1. Don’t be afraid of using technology to lure children outside.

Whilst we need to create a balance of screen time and outside time, it can be helpful to harness the power of the app for a fun activity. Try treasure hunting with geocaching, star gazing with an app like Star Walk and using the Wildtime app for nature inspiration.

  1. Do a better job of reusable nappies than me.

I totally messed up because I didn’t know some vital information.  For example, it’s best to try out a few different types before you invest in the 20 or so that you’ll need. Some types just won’t be the right shape for your baby and having loads that don’t fit will be disheartening and expensive.

  1. Make your milk feeding green

Breast feeding is best for the environment and your baby but that knowledge doesn’t help you when it doesn’t work for emotional, physical or logistical reasons. Step away from the guilt and make sure your bottle feeding is as green as possible. For example, you can buy safe glass baby bottles and make sure you keep your kettle de-scaled for efficient boiling.

  1. Learn a few tricks to cut your food waste

Did you know, the banana is one of the most wasted food items which is made worse by the fact that they have come all the way from the Caribbean or South America. Here are my tips for being a banana saver!

  1. Care about carbon, but don’t be ruled by it.

Get the basics like insulation sorted, try not to choose clubs and activities that involve lots of driving, choose local products with limited packaging, but then be kind to yourself. There is much, much more to being a green parent than carbon counting.

  1. Make your outdoors space count for wildlife.

Plant a pot with lavender to provide nectar, put up some bird feeders and have a messy ‘nature reserve’ corner with a stack of logs and sticks and long grass. Now is also the right time of year to plant some wildflower plugs such as oxeye daisy, corn poppy, ragged robin. These will bring colour and life in even the tiniest space.

So don’t be an eco-worrier; forget the guilt, take some fun steps and be an eco-warrior instead. There are happy green days ahead.

Our £25 family holiday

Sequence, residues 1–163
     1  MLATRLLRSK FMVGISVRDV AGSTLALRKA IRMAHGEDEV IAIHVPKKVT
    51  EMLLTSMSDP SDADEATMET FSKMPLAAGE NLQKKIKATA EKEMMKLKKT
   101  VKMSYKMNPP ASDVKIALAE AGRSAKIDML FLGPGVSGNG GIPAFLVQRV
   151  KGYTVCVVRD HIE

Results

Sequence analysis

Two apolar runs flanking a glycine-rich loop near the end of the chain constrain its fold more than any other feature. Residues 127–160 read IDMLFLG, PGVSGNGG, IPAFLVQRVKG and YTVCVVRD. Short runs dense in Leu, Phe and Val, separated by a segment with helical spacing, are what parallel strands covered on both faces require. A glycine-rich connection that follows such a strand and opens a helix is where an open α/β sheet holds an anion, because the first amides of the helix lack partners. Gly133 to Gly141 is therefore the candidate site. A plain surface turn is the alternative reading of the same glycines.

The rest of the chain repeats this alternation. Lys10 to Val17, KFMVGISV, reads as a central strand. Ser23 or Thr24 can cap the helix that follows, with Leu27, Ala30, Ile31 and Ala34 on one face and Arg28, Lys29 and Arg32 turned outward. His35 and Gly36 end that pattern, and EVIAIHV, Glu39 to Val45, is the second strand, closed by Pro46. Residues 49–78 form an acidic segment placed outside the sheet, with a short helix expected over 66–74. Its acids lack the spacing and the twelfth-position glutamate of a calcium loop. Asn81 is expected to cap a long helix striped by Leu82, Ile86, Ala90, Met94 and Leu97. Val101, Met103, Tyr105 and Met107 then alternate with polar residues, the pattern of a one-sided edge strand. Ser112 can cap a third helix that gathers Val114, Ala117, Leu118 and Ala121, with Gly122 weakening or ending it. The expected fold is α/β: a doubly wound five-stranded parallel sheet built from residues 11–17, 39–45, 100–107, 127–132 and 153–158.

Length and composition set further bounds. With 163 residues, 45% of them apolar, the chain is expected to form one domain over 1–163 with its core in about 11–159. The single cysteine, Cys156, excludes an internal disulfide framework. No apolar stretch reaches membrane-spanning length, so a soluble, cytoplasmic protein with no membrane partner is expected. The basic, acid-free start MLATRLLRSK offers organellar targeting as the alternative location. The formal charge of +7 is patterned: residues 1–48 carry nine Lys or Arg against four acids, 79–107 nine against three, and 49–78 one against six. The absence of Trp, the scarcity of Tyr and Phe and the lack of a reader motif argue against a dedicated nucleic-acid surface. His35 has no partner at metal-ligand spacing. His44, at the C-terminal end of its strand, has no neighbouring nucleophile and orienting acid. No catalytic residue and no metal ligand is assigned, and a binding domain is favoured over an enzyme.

suitcase

We’ve just had a lovely break in the sunny (?) South East, in a well-equipped four bedroom family house, all for the grand sum of £25… and that was just our travel costs and a bathmat (more on that later).

This wasn’t a rental property but a successful house swap with friends, who also have two young children of similar ages to ours. Whether you are being thrifty or not, a house swap is a brilliant way to have a change of scenery and an eco-friendly UK based holiday.

For a start, the second we entered the ‘new’ house, the children’s eyes lit up. There were toys galore, all different to the ones at home, and all free to be explored without awkward negotiations with the rightful owner. There were fun bedrooms, decorated for kids and all the paraphernalia you need for little ones, such as child size chairs, plastic cups, a paddling pool and bath toys.

From an adult perspective, we had everything we required to eat in without taking the whole cupboard with us. Stuff like olive oil and washing up liquid that you take for granted at home but can’t do without when self-catering. I helped myself to a can of sweetcorn from the cupboard which saved us going shopping for vegetables one evening and a coffee machine kept us perky too.

It was also very handy on the animal front. We swapped our four assorted mammals for their two friendly cats. No pet-sitters were required, and we enjoyed the regular photo updates which kept us reassured.

There were of course some negatives. It was certainly more work than rocking up at a holiday home. Before hand, I couldn’t help but see my home through the eyes of guests and had a de-clutter session. The slightly mouldy bathmat just wouldn’t do, so I replaced it. There was also the double hassle of changing all the sheets and towels before leaving and then wanting to leave the borrowed house in a fit state for our friends’ return to their home.

Halfway through, my friend sent me a panicked text saying there was a huge crack across my hob that she hadn’t noticed before, but she would buy us a new one if they’d caused it. The crack has been there six months, so all was fine, but it was a little reminder that you really would feel terrible and if you trashed something in your friend’s house.

Still, any minor inconveniences were way less annoying than paying hundreds for a holiday rental. I also feel oddly closer to my friend. I’ve lived her life for a little and slept in her bed, kissed my children goodnight where hers normally snuggle and cuddled her cats. Now when we have one of our long phone chats I’ll be able to picture everything so clearly. And all for £25.

Life’s not a race, it’s a slow dance…

worm2

Photo by Phil Barnes Photography

I’ve hurt my knee. I’ll pause there to allow for the violins to play because I can’t deny it, I do feel rather sorry for myself and expect everyone else to as well. I’m usually one of those busy, rushing, clock-watching people. Always telling the kids to hurry up and catch up. Only now I’m not.